Estrada ‘drops’ plan to run for Manila mayor’s post–-as of now
There will be no showdown between “Dirty Harry” and “Asiong Salonga.” At least for now.
Claiming he has “nothing more to prove” in the political arena, deposed President Joseph “Erap” Estrada on Friday indicated he might not be running for mayor of Manila after all.
The movie star-turned-politician who after his ignominious ouster in 2001 and conviction for plunder in 2007, has been at pains to prove his political staying power, said he might just focus on campaigning for the candidates of the new United Nationalist Alliance (UNA).
But true to his tough-guy screen image, Estrada made it clear that he was not changing his plans for fear of Manila Mayor Alfredo Lim, the ex-police general whose real-life exploits as a hard-nosed police chief earned him the sobriquet of “Dirty Harry,” after the Clint Eastwood police hero.
“Lim might think I’m afraid of him,” said Estrada, who rose to movie idol prominence when he played the Tondo toughie, Asiong Salonga, in the 1960s.
Lim was “never a factor” in his decision “because of the fact that he has not done anything, no vision, no development for Manila,” he said.
Estrada said he might just decide to support the mayoral run of Manila Vice Mayor Francisco “Isko” Moreno, his choice of running mate if he had decided to run. He said Moreno will be taking his oath as a member of his Pwersa ng Masang Pilipino (PMP) next week.
“I know that Manila needs young blood,” he said.
In an interview at his San Juan residence on Friday, Estrada continued to dither, refusing to be pinned down on his Manila electoral plans.
Asked if the Inquirer could now report that he was no longer running and that he would endorse Moreno, he said: “Maybe.”
Was his decision final? “More or less,” he replied.
He phoned the Inquirer later that afternoon to say that he was still leaving the “door open” for a possible mayoral run. He said he would make a “final decision in two weeks’ time.”
Estrada, 75, gave the impression of a man torn between spending the rest of his political life as an elder statesman, and ending it exactly the way he started it. He began as a mayor then moved on to become a senator, vice president and later, president.
Last Tuesday, he said over the phone that he was “now preparing for my mayoral run.” He said a formal announcement could come in a month.
But a series of consultations with his family and close allies in the next three days appeared to have given him pause.
Binay’s, sons’ advice
Among those he consulted was Vice President Jejomar Binay, who advised him to focus on endorsing UNA candidates.
Estrada said his sons, Sen. Jinggoy Estrada and San Juan Rep. Jose Victor Ejercito, had also told him that he had “nothing more to prove.”
In a meeting of top UNA leaders earlier this week, Estrada said Binay pointed to the combined strength of their endorsement power in the 2013 midterm elections, as shown by the results of a recent Pulse Asia survey.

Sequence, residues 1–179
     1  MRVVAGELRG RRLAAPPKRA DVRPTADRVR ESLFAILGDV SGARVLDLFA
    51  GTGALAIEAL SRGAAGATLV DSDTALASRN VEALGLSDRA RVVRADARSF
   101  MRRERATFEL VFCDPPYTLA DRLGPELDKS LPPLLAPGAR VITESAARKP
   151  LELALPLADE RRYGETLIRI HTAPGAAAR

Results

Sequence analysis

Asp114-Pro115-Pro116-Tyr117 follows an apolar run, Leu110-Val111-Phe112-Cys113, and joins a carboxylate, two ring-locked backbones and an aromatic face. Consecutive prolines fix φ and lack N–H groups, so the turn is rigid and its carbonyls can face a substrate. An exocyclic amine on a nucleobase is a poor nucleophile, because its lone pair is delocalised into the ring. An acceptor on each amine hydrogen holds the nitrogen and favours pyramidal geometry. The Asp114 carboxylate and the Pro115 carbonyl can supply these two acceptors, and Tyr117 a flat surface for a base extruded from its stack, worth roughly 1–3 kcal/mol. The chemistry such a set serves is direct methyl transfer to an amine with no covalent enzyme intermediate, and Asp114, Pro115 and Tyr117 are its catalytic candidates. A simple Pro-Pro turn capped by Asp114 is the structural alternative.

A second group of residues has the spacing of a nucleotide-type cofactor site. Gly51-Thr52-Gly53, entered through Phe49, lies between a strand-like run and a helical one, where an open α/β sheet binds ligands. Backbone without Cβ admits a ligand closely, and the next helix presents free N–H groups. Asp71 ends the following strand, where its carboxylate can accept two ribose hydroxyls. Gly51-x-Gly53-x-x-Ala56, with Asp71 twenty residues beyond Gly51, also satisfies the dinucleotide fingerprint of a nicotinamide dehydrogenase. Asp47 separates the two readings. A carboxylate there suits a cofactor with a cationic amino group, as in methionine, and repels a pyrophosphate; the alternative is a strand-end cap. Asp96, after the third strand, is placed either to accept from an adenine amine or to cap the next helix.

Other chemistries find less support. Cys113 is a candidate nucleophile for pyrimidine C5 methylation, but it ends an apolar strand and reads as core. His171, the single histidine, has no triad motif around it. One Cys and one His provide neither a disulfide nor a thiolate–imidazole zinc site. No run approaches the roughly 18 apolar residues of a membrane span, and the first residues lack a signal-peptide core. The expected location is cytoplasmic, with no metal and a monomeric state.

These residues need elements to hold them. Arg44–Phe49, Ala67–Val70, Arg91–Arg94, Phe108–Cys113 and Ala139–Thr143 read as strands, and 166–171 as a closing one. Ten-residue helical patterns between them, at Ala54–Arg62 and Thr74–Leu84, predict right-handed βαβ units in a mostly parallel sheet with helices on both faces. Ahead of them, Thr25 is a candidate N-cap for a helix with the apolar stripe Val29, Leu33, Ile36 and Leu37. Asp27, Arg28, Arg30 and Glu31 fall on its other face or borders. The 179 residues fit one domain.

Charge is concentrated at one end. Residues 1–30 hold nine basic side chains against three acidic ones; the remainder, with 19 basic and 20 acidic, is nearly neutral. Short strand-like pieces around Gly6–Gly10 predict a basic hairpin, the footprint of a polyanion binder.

In the survey, 73 percent of the respondents said they would vote for candidates endorsed by the Vice President, while 51 percent said they would go for bets backed by Estrada.
President Aquino emerged second with 66 percent of the respondents saying they would follow his endorsement.
“If we combine 73 and 51,(that) is 124. So our bets are really at an advantage (‘llamadong llamado’),” Estrada said.
That’s why the Vice President has advised him not to run anymore, “because we will be endorsing all the candidates of UNA all over the country.”
Estrada said Binay’s concern is that he might be “confined” to Manila—and therefore lose his endorsing power—if he runs for mayor.
“I have to sacrifice myself,” he said, noting that the opinions of Binay and his two sons carried “a lot of weight.”
“I’ve made a lot of sacrifices for the good of the country,” he said.
One term not enough
Estrada admitted to have been preparing for his mayoral run for the past few months. Three months ago, he commissioned a University of the Philippines study on the “urban renewal” of Manila, similar to a study he had commissioned for San Juan City when he first ran for mayor there.
Last March, he said he was able to convince Moreno to be his running mate, but on the condition that he (Estrada) would serve only for one three-year term. A mayor can be reelected for two more terms and serve for a total of nine years.
“I told him that I’ll run only for one term. I promised him that because this (will be) his last term as vice mayor and of course, he (also) has that ambition to become mayor,” Estrada said.
“But this time, I’m thinking of just giving it to him so I can concentrate on campaigning for the UNA candidates,” he said.
Last Wednesday, Estrada said he had spoken with Moreno, who broached the possibility of getting him to support his own mayoral run. “He asked if I could help him,” he said.
Estrada said the UP study was also a factor in his decision. Considering his arrangement with Moreno, his term of three years would not be enough to “change Manila, make it a showcase city.”
To complete the urban renewal plan, he said he would need a full nine-year term, but it would mean breaking his promise to Moreno, who could make a run for a third and final term as vice mayor next year.
“I was really definite on running (but) I also saw the study. I cannot finish it in one term. Mabibitin lang ako,” he said.